Something came up last night in conversation with Paul, who is back to dating boys with delicate cheekbones and tight jeans, and I feel like it's information that should be widely disseminated. Dear members of the Opposite Sex: I do not know how to be coy; I was skipping class to smoke Marlboro Reds and drink warm Budweiser and give advice about girl problems with the boys the day they covered coy at finishing school or wherever. So when ladyfriends and fashion magazines tell me, "be available, but not too available" I'm thinking, whyever? When we could be pinky swearing and having blanket fort picnics and learning all the lyrics to this band's back catalog? I am not mysterious. Busy? Certainly. Shy? Yeah. Having impure thoughts about your eyelashes and not paying a lick of attention to the conversation? Perhaps. More intoxicated than I look? Likely. But coy and mysterious? Never, and the sooner we all understand that, the better off we'll be.
So here is the deal: let's move to Chile and take on new names. I'll design perfumes and you'll make wooden children's toys and we will have a hermit crab named Herman. On the mantle we'll have a butter sculpture of Elvis, and someday when it's very still and quiet you'll show me those cards.
I've spent a lot of time the last couple of years carousing. I carouse on weeknights because there's only so much time left before waking up with my party shoes still on stops being charming, but also because I have lived by myself for nearly four years now, and being alone with my thoughts is no longer novel. Frequently I will ignore all of the quality books and movies and paintings and ideas I have scattered around my apartment in favor of lying on the floor and planning to take up with a houseboy named Enrique in Fiji who only speaks enough English to make margaritas because, hell, what else am I doing?
Just between you and me, what I am doing is standing here like a china figure in a bull shop. Waiting.
I have fallen into the habit of talking to magical strangers whenever I find them, so we meandered into a conversation about our respective talents. As the discussion lapsed a moment he looked at me sideways and said, "Happy Valentine's Day, by the way. You married?" "Nope." "Good. I think that's good. I was married once. Woman left me up in Alaska. Took my best trumpet and my guitar player with her. He was mean as hell but that cat could play anything with strings." At this point, I started to suspect that he was having me on. I've met many an old jazz man who spoke in the same way, scattered in broken down joints in red dirt states, but in Seattle? On Eastlake? It was just a little bit much. But he looked the part, about sixty and with hands knotted from years of heavy use, and who am I to say where magical jazz men are to be found? I smiled again and patted the aging hand resting on the case between us.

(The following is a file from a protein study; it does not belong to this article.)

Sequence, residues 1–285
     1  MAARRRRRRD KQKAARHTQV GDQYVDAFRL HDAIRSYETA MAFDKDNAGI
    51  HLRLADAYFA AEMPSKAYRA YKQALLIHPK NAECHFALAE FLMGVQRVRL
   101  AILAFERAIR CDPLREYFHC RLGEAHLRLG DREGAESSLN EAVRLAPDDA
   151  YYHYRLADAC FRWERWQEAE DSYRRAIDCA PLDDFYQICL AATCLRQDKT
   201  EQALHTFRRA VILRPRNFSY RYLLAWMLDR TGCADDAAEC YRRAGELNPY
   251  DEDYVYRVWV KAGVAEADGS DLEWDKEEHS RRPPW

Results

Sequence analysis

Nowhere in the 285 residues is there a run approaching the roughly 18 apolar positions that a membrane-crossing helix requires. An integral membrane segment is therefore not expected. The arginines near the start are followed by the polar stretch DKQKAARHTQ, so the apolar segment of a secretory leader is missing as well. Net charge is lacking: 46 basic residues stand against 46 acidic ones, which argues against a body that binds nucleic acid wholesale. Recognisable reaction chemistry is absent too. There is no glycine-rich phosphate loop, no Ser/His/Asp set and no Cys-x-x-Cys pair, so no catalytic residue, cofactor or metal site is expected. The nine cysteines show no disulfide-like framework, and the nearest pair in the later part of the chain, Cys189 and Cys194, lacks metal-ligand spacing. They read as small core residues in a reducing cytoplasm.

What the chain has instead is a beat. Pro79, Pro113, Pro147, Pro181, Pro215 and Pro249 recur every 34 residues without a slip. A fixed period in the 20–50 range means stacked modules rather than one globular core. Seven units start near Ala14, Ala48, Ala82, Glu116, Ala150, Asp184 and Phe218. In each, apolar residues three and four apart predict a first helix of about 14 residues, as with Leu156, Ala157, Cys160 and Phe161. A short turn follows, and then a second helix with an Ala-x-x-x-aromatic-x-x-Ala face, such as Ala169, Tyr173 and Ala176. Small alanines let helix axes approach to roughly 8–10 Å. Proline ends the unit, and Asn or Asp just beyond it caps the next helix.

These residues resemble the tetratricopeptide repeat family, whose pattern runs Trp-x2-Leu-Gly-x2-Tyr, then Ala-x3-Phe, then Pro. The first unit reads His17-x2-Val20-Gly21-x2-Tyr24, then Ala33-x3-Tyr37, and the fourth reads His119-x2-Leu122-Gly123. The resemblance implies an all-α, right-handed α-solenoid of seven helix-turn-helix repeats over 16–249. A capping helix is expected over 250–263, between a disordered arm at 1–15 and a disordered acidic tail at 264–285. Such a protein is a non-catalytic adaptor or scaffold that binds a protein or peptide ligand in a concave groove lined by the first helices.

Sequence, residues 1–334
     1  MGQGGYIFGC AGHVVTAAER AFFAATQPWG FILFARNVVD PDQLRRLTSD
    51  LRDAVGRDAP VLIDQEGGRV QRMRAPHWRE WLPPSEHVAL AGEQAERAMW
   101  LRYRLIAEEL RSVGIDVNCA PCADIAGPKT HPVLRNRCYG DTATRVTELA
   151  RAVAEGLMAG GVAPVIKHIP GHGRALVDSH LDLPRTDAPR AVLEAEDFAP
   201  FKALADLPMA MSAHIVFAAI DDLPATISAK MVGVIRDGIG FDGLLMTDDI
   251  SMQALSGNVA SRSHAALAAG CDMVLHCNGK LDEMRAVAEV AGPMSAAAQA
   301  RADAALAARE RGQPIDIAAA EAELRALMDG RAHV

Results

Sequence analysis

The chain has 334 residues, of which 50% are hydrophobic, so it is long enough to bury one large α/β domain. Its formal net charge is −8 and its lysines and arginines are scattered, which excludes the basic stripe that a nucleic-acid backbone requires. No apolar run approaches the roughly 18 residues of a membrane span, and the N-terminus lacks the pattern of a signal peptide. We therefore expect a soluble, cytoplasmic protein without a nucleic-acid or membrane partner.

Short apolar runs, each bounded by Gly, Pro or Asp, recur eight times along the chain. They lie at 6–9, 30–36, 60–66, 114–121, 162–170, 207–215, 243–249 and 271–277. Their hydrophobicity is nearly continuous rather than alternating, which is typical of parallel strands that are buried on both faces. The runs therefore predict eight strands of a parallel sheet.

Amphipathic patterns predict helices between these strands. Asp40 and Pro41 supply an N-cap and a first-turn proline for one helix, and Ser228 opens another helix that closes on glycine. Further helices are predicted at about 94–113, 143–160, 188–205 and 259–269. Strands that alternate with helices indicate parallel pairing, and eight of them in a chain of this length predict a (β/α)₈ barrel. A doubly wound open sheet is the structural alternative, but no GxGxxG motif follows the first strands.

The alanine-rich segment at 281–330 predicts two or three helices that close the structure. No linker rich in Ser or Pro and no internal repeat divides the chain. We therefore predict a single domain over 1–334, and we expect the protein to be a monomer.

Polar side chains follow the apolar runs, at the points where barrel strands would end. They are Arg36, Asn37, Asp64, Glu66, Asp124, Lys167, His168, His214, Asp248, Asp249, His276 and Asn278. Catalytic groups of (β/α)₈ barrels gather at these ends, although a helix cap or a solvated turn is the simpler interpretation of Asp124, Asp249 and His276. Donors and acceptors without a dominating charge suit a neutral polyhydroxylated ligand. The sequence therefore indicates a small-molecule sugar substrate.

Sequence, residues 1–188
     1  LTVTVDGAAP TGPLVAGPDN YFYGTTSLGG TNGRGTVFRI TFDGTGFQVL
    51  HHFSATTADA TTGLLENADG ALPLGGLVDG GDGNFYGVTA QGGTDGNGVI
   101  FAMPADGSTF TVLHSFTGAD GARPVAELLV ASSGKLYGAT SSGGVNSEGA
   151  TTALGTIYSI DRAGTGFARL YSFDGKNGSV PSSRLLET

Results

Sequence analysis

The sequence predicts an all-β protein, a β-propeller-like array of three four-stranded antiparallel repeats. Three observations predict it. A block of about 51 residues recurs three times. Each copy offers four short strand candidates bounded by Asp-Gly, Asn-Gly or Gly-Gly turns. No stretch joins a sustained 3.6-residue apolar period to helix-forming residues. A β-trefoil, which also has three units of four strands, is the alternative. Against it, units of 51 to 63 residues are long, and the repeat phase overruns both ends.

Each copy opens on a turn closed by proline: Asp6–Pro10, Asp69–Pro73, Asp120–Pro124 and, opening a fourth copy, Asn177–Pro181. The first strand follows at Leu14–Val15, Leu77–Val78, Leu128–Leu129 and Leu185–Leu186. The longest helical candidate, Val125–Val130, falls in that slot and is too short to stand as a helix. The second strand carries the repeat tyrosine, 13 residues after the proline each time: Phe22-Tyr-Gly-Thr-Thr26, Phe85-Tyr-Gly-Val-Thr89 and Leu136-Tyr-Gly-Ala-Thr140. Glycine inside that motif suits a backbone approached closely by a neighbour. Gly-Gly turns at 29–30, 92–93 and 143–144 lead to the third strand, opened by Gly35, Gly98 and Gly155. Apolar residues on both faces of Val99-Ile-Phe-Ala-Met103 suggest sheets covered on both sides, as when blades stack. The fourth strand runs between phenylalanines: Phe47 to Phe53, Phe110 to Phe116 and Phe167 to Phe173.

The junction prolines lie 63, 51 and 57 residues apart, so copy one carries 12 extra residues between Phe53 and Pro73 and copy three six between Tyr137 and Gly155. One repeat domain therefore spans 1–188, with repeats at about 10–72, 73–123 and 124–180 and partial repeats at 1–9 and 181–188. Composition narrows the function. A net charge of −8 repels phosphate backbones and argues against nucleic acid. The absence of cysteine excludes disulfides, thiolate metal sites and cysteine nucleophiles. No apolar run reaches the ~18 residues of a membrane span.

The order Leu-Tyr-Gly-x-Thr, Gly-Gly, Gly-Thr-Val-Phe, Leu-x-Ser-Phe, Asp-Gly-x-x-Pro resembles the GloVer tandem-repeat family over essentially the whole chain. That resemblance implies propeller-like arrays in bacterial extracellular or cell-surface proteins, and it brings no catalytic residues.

He nodded at me again, flexed his feet, tapped the toe of one of his shoes with a drumstick. "Yep, little girl, I'm getting old. These shoes here, they've got a lot of miles left on them. It's the soles of my feet that are wearing thin."
Some of the things I've said in the last week that were immediately followed by, "What? Don't look at me like that!" are: "I'm very fond of the adverb. I think it's probably my favorite part of speech." "Of course I know all the words to this Justin Timberlake song. There are only, like, four of them." "I can see how you might want to have sex with a cantaloupe, which if human would have nice hips that you could really hold on to, but watermelon? Watermelon would talk a good game but, when it came down to it, just lay there and sigh." "And I, for one, welcome our new earthworm overlords."
I was wandering around Pioneer Square this morning, on my way to the bookstore, and the sun seemed to have moved in under everyone's skin. Each person I passed smiled and said hello, absolutely pleased to be out and using whichever of their limbs were still available to them.
But if I learned anything last year it's that people are in fact watching, to the extent that they sometimes feel the need to chase me down the street and go, approximately, "Hey there, little lady. I've been watching you sitting here/walking down the street/through your living room window for the past few hours/days/weeks/months. But, um, in a totally not creepy way. No, really. Say, do you want to go make out?" (The year before last, people were just seeing me and saying hello, which, although it did contain a very illuminating lesson in heartbreak, was slightly easier to handle. I don't know what they're going to do this year, but I hope they don't step on my heels while they're doing it. I hate that.)
The only explanation I have for this phenomenon is my red hair--because of the grey days and dim light in this town boys latch onto it like magpies or something. Anyway, these things certainly never happened when I was mouse-brown and lived in Florida. And the thing about all of this watching is that it makes me very self conscious, and I start thinking about the walking that I'm doing and that you're watching, and then I fall down. Sort of like how you breathe just fine as long as you're not thinking about it, but the second you stop to consider breathing it becomes a chore.
The point of all of this is that I tripped and fell again today--onto the grass, fortunately, saving both my clothes and limbs from some holes for once--and I'm blaming it on you. Rather than, say, my big feet and inefficient equilibrium. You and your watching.